I apologize in advance for this long comment, but now I've actually played this Eador remake for a few hours. First, there's been a number of patches, 7 so far, and there will likely be more. The devs said pretty much straight out that they are still adding things to the game via patches, so essentially they're admitting that the release is pretty raw. I really can't write much about this game (which is why I'm not writing a review) because it's the exact same game as Genesis. Yea they tweaked some behind the scenes numbers to speed the campaign up a bit, and obviously it now has a 3D engine. But the numbers I didn't notice, the units are the same, move the same distance and everything. The "story" is straight, word for word, out of Genesis, along with the music and the illustrations. Now I understand giving 4.0 to this game, actually I'd say this game should receive a -- because it's the exact same thing that was released in 2009. I kind of like the new rotary menus on the main map, but the graphical changes (let's be real, this IS the major change for this release) are so insignificant - TBS was never a genre that was heavy into graphics, it's all about the game - that you likely won't even look at the gfx twice, this is not a game that will capture your attention with it's brooding storm clouds and lightning bolts (although both are present.)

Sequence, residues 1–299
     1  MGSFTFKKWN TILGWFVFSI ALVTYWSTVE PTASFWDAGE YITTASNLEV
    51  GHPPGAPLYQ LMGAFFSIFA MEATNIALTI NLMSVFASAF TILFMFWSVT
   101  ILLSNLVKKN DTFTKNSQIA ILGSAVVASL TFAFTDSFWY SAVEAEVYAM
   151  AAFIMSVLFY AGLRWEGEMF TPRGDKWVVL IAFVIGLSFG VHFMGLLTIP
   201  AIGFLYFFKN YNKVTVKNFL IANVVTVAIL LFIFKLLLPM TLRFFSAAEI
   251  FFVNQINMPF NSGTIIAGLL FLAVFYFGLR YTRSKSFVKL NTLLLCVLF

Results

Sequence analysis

Actually, to an extent, upgrading to this 3D engine has hurt Eador a lot more then it has benefited. The game runs much slower, whereas in Genesis I'd go from the map to the battlescreen instantly in this remake it takes a couple of seconds, during which I'm staring at a black screen - and this is a pretty good machine. But the bigger issue is that it just doesn't look good! Re-using the old elements defeats the purpose of having this graphically advanced engine, regardless of it being horribly optimized, as well as looking WORSE then Genesis looks. (sh!t is clipping everywhere, things are popping in an out, etc)

Basically if you're a fan of Genesis, I can't really recommend MBW, at least not until they fix it to be as stable as Genesis and actually add something that we have NOT seen yet. If you're a first time player of Eador, pick up either game, they're mostly the same thing anyway - if you're willing to go through patching up and possibly some bugs (ocassionaly fatal and/or gamebreaking ones) then you should def get MBW, if you want to get a game that is ready (and stable) to play right now then go with Genesis. The only reason for anybody to get MBW right now is in hopes of them eventually adding something NEW, and fixing the gazillion bugs that still exist. (http://alturl.com/dmwfm is the current list of known bugs, unfortunately for many of you it's in Russian, but just look at the number of bugs, and this is current - meaning that there has already been 7 patches and that list is what still remains to be fixed... I have never, for any game, seen a list of bugs that long.)

1wikkid1
1wikkid1